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Genetic testing (continued)

mutation detection procedures, 3:92-93

newborns, 2:98-99, 3:42-43, 3:44 patent issues, 3:137 PCR contamination concerns, 3:158

presymptomatic, 2:100, 2:100-101 presymptomatic, children, 2:100-101 procedures, 2:102 public health role, 3:218 symptomatic, 2:99 See also Population screening; Prenatal diagnosis Genetic testing, ethical issues, 2:101-106

CLIA standards, 3:218 clinical geneticist role, 1:149-150 eugenics concerns, 3:177-178,

4:29-30 genetic counselor role, 2:92,

2:102-104, 2:105 genetic determinism, 2:102 Human Genome Project concerns, 2:177 informed consent, 2:102, 3:175 personal autonomy, 2:101, 2:103 population screening, 3:177-178 prenatal and childhood testing,

2:100-101, 2:103 privacy concerns, 1:68, 2:100,

2:177, 3:190-193 risks and benefits, 2:100,

2:102-103, 3:218 support mechanisms, 2:105 termination of pregnancies,

2:103, 2:177 who should receive, 2:96 See also Genetic discrimination Genetic testing, specific diseases AIS, 1:21, 1:25 Alzheimer's disease, 1:18 behavior, 1:48 blood type, 1:83

cancer, colon, 1:168-170 cardiovascular disease, 1:102, 2:105

chromosome disorders, 1:79 congenital adrenal hyperplasia,

3:176, 3:177 congenital hearing loss, 1:76 cystic fibrosis, 1:202-203, 3:177 diabetes, 1:210 Down syndrome, 1:256, 1:257-258

fragile X syndrome, 1:76, 2:40 hemoglobinopathies, 3:177 Huntington's disease, 2:100,

2:101, 2:103-104 hypothyroidism, 3:176-177 muscular dystrophies, 2:101,

2:99, 2:119, 3:42-43, 3:176 retinoblastomas, 2:100-101 sickle-cell disease, 3:177 Tay-Sachs disease, 2:96, 2:99-100, 3:174, 3:177, 4:98, 4:101-102 triplet repeat diseases, 4:152 X-linked disorders, 2:101 Genetically modified (GM) foods, 2:106-110 benefits, 1:9-11, 1:73 biopesticides, 1:57-58 consumer acceptance of, 2:107,

2:108-109 ethical issues, 1:11, 1:67-68, 1:57, 1:73, 3:3, 4:130-132 field production, 2:108 labeling, 1:67, 1:68, 2:109, 4:130 modification technique,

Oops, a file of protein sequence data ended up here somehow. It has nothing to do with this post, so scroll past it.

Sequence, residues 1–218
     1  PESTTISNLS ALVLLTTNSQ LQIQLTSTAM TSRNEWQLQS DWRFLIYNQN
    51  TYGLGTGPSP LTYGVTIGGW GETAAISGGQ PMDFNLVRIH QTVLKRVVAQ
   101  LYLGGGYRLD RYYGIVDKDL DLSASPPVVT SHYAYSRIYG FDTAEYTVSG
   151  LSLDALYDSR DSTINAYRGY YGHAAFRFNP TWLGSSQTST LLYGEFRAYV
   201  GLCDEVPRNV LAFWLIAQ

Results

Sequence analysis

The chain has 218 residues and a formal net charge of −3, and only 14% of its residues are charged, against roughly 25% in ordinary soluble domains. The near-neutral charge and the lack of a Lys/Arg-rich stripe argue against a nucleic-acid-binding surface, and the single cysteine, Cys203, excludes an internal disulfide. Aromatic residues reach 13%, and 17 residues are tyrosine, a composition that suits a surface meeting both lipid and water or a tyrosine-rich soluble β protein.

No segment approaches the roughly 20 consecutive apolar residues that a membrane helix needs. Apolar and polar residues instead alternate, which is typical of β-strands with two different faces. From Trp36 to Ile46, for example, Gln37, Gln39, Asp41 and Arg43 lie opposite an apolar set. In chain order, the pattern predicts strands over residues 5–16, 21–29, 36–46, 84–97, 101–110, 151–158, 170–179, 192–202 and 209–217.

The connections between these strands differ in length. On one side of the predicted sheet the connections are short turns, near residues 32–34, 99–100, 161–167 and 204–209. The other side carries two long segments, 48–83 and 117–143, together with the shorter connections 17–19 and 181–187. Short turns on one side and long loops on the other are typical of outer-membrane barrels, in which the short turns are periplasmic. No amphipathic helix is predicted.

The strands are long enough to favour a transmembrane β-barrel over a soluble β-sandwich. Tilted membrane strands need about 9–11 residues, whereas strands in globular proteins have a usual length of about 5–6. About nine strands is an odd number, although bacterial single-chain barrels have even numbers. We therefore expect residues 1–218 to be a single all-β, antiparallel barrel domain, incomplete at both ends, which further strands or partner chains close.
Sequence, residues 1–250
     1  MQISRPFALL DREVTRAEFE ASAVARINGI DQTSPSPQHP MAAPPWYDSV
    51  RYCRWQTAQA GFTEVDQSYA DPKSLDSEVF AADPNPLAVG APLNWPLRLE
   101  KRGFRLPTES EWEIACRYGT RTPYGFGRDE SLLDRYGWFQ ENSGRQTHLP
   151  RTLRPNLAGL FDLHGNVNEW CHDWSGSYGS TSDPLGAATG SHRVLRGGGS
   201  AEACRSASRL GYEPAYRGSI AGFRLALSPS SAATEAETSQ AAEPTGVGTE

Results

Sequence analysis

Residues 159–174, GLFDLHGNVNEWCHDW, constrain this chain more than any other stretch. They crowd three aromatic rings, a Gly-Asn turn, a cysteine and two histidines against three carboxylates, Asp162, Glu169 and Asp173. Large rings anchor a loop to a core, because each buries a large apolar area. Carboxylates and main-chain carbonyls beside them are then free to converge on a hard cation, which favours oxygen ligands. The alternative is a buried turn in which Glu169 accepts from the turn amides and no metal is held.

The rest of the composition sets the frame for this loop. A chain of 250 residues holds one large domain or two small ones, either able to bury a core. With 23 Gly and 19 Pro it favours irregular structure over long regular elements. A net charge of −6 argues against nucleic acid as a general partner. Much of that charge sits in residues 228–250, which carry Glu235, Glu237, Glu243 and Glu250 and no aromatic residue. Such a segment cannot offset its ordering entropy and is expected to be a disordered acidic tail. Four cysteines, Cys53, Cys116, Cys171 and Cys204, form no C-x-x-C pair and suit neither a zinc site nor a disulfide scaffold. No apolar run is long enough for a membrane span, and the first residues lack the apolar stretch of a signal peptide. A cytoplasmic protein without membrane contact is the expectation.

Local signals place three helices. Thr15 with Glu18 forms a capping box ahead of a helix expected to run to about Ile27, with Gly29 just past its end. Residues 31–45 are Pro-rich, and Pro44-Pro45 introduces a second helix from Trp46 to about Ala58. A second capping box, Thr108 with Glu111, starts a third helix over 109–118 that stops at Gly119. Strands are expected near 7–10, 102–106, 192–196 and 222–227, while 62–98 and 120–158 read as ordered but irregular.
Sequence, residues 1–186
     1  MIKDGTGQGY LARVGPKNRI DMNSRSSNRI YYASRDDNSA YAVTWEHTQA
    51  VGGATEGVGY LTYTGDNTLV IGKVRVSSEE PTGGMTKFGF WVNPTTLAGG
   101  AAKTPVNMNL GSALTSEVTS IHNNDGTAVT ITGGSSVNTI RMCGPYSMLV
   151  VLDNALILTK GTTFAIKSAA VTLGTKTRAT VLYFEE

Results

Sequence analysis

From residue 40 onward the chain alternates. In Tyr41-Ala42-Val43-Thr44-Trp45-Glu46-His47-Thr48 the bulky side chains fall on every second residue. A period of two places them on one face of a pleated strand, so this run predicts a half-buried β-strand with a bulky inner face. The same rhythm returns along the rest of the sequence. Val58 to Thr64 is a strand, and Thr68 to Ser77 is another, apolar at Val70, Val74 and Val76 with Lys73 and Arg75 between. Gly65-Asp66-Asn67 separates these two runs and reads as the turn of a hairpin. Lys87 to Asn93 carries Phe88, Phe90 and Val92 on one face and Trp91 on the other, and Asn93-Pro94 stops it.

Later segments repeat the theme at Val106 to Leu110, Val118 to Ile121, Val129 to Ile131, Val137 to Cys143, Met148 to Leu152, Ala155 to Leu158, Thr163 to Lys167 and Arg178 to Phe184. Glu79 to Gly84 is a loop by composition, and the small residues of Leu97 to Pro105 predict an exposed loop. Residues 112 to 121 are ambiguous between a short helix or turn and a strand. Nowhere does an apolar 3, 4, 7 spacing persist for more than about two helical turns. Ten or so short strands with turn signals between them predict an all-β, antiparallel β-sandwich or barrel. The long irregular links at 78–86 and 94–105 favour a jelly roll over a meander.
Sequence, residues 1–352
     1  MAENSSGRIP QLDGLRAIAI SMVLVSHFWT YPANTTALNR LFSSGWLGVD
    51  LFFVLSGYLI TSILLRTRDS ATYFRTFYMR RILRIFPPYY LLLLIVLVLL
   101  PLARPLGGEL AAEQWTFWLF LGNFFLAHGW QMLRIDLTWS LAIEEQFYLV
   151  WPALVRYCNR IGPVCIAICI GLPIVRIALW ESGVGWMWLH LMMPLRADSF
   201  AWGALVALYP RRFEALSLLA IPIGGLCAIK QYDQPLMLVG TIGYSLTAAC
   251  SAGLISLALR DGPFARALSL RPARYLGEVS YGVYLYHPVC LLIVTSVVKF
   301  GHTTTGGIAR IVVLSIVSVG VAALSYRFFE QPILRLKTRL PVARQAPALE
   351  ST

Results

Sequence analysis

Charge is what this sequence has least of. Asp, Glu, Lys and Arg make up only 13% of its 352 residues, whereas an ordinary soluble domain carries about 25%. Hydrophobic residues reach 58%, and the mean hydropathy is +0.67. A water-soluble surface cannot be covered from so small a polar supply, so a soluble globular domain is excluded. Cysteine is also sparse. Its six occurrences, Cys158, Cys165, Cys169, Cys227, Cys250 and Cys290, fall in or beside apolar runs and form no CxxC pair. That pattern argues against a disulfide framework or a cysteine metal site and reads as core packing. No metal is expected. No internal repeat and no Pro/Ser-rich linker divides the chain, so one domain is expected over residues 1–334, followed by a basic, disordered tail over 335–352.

2:107-108 plant genetic engineer role,

3:149-150 recombinant DNA technology, 4:6-7

regulations, 2:107, 2:108-109 statistics, 2:108

substantial equivalence principle,

4:130-131 traits, 2:106-107 Genetically modified organisms (GMOs). See Transgenic organisms

Geneticists, 2:110-111 clinical, 1:74, 1:149-152, 1:213-215, 2:90, 2:91-92, 3:193-194 conservation, 1:190-192 Internet tools, 2:212 statistical, 3:193, 3:194-195,

4:93-95 See also specific geneticists Genetics, 2:111-112 biochemical, 3:103 origin of term, 1:130 See also Classical hybrid genetics; Mendelian genetics; Population genetics

Genetics professors. See College professors Genital and urinary tract disorders, birth defects, 1:75

Genitals

AIS individuals, 1:25 normal human, 1:21, 1:22, 1:23, 4:78-79 Genocide, eugenics and, 2:16 Genograms, distinguished from pedigrees, 3:139 Genome Web site, 1:142, 2:156,

2:176, 2:212 Genomes, 2:112-117

chromosome number range,

2:113-114 comparisons, molecular anthropology, 3:63-70 databases of sequences, 1:142,

2:123-124, 2:156 defense, DNA methylation role,

3:46-49 defined, 1:9, 2:11, 3:22, 4:6 distinguished from proteomes, 3:205

homologies, comparing,

2:157-158 McClintock's concept of, 3:22 nuclear genes, gene density, and intergenic sequences, 2:114-115 in nucleus, 1:112, 1:132-133,

3:119-126 size range, 2:114 See also Chloroplasts, genome; Eukaryotes, genomes; Human genome; Mitochondrial genome; Ploidy; Prokaryotes, genomes; specific organisms and organelles Genomic clones, vs. cDNA clones, 1:154

Genomic medicine, 2:118-120 DNA microarray tools, 2:119 genetic microchips, 2:119-120, 2:119

Human Genome Project contributions, 2:118, 2:119 SNP role, 2:118-119, 2:122 See also Pharmacogenetics and pharmacogenomics Genomic parasites. See Transposable genetic elements Genomic plasticity, 2:117 Genomic screening gene discovery role, 2:59,

2:169-170 gene evolution role, 2:61 selected disease-causing genes, 2:168

See also Genetic testing Genomica, bioinformatics, 2:124 Genomics, 2:120-123

applications, 2:121-122, 4:133

defined, 2:177, 3:143 functional, 2:122, 2:124 high-throughput screening tools,

2:120, 2:150, 3:205 model organism sequencing, 2:120

repeated sequences as tools, 4:11 See also Human Genome Project Genomics industry, 2:123-125 bioinformatics companies, 2:124 defined, 2:123